Ion source 60 thus produces the low pressure ion and electron-generating discharge which was previously described, and ions can be extracted and accelerated from the plasma. The low pressure in space 64 again permits higher accelerating fields without Paschen breakdown. The extraction grid, and a control grid, if desired, can be best made according to the known techniques developed for electron bombardment and thrustors and ion sources. The key difference between the ion source 60 and the prior ion sources is the low pressure ion-generating discharge which is sustained by means of the hollow cathode structure and operating conditions described above, without the need for a magnetic field or a hot cathode.

One advantage in using a flush anode configuration to sustain the discharge rather than a thin wire such as is used for ignition is the easier cooling of the flush anode resulting in its ability to sustain a higher average discharge current. A higher average discharge current produces a higher plasma density and permits extraction of a higher average ion current. Another advantage of the configuration object of this invention over a thin wire anode is the fact that it results in a more uniform plasma density distribution, leading to a more uniform current density distribution for the extracted ion beam.

This invention having been described in its preferred embodiment, it is clear that it is susceptible to numerous modifications and embodiments within the ability of those skilled in the art and without the exercise of the inventive faculty. Accordingly, the scope of this invention is defined by the scope of the following claims.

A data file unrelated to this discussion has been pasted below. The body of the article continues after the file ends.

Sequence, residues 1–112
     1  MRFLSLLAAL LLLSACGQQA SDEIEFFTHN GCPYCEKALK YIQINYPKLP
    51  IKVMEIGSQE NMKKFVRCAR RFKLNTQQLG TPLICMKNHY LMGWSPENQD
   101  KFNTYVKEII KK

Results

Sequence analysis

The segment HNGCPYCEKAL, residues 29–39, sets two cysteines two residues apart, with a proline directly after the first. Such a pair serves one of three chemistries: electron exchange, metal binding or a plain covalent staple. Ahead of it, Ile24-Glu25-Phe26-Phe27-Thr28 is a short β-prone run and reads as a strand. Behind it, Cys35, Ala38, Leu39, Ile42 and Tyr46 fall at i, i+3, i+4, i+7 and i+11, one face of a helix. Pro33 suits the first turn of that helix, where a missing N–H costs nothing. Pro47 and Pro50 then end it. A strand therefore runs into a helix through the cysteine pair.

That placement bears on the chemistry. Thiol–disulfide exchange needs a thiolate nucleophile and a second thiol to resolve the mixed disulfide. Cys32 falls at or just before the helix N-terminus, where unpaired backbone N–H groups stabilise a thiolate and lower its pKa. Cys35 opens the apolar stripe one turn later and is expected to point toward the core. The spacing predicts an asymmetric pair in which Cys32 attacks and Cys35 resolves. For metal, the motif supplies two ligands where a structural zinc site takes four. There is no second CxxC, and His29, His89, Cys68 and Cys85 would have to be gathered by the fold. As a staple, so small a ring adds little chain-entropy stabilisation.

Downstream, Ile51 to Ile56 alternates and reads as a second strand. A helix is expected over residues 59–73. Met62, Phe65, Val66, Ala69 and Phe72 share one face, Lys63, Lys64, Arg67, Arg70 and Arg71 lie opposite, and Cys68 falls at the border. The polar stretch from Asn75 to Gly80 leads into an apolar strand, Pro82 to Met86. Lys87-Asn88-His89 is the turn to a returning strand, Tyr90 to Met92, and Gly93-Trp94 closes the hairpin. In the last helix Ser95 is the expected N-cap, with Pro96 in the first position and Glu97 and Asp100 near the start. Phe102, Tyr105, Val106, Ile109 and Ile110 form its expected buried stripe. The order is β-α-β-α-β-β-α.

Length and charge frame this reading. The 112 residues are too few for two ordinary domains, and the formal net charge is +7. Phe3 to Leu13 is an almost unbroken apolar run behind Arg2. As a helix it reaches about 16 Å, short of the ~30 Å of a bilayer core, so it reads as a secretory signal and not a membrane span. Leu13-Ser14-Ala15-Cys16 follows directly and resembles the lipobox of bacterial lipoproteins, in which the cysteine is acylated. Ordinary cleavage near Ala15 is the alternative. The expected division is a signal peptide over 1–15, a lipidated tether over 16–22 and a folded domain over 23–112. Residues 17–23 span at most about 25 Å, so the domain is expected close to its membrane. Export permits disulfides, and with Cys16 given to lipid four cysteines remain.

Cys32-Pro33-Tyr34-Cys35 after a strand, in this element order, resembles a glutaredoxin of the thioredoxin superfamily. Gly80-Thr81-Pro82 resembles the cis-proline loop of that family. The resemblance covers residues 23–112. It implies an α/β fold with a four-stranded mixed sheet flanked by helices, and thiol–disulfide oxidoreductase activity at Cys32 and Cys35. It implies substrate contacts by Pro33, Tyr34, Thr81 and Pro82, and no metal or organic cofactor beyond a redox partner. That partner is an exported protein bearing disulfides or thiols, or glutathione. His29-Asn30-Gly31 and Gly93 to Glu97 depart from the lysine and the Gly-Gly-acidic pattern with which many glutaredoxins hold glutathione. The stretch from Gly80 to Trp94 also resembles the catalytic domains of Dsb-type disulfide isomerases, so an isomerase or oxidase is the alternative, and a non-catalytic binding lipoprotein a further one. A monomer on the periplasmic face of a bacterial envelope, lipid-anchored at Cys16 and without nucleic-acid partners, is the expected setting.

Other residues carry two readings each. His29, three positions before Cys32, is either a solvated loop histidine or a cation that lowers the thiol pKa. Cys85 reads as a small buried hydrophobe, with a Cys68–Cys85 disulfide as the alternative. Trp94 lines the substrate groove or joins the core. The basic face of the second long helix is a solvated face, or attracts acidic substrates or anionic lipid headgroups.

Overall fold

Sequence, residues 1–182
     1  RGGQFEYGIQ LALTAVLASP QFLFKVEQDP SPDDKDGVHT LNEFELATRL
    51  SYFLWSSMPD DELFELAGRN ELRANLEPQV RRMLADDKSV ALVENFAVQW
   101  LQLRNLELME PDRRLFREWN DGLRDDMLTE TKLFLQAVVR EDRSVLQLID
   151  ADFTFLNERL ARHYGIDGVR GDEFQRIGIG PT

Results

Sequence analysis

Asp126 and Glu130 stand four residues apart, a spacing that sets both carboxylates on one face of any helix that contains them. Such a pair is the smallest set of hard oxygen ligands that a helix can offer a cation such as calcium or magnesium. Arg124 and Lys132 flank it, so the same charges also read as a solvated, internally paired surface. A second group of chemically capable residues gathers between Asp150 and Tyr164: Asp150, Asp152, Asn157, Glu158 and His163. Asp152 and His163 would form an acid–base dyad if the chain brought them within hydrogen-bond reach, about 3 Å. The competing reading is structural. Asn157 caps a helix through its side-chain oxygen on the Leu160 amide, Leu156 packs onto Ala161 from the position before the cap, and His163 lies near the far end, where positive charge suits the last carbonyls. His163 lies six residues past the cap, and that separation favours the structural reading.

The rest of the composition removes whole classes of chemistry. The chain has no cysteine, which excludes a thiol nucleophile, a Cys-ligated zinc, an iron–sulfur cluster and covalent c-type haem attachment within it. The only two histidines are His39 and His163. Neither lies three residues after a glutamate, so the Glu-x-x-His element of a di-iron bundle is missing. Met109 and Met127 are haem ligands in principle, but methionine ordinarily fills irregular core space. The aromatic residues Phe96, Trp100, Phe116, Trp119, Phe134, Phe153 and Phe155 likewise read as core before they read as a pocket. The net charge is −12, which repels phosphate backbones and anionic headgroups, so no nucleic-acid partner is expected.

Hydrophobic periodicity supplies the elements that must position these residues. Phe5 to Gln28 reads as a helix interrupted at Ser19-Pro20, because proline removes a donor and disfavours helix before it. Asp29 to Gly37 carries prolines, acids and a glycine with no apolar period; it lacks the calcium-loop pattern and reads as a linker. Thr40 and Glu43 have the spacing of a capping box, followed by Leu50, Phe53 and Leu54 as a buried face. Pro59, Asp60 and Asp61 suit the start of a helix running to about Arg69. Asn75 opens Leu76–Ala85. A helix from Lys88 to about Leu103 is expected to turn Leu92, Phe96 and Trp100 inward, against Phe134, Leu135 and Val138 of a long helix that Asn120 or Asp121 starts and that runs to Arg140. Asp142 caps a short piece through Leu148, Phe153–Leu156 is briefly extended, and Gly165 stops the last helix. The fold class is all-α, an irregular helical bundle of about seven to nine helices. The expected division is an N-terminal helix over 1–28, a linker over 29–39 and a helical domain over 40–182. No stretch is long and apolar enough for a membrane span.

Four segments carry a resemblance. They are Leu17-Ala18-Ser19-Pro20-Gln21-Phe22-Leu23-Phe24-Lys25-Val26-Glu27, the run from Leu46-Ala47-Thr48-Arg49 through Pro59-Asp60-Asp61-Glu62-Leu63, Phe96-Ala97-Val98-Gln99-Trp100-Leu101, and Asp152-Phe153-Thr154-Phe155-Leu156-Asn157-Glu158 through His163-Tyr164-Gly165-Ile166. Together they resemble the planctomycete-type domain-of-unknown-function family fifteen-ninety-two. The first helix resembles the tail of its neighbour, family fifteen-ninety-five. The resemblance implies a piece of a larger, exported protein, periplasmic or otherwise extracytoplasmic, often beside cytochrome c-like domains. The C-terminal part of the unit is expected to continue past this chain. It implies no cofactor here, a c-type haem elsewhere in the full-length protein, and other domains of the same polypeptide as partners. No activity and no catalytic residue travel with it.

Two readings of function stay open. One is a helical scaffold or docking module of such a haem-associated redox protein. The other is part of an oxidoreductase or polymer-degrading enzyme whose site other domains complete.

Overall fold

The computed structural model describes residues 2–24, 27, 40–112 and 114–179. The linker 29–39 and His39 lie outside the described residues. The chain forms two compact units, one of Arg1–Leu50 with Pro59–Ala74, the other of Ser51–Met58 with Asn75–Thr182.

What is claimed is: l. A hollow cathode plasma discharge device comprising:

walls defining a hollow cathode space, said walls comprising an anode wall and a cathode wall, said anode wall and said cathode wall together defining the exterior boundaries of a low-pressure glow discharge plasma, said anode wall being positioned so that it does not substantially intrude into the plasma, the ratio of anode area to cathode area being smaller than unity for low-pressure glow discharge plasma mode operation;

means for initiating plasma discharge interiorly of said space so that plasma discharge can be ignited by said initiation means and then transferred to said anode wall;

one of said walls being perforated so that particles can be extracted through said perforation into space exterior of said perforated wall;

an accelerator electrode positioned exteriorly of said hollow cathode space to accelerate particles passing out through said wall perforation; and

a vessel enclosing at least said perforation and said accelerator electrode to maintain pressure within said vessel and within said cathode at subatmospheric pressure to cause conditions between said perforation and said accelerator electrode to be outside the breakdown region of the Paschen curve for the particular gas.

2. A hollow cathode plasma discharge device comprising:

walls defining a hollow cathode space, said walls comprising an anode wall and a cathode wall, said anode wall and said cathode wall together defining the exterior boundaries of a low-pressure glow discharge plasma, said anode wall being positioned so that it does not substantially intrude into the plasma, the ratio of anode area to cathode area being smaller than unity for low-pressure glow discharge plasma mode operation;

an auxiliary anode positioned interiorly of said space for initial ignition of the plasma discharge so that plasma discharge can be sustained by said anode wall;

one of said walls being perforated so that particles can be extracted through said perforation into space exterior of said perforated wall; an accelerator electrode positioned exteriorly of said hollow cathode space to accelerate particles passing out through said wall perforation; and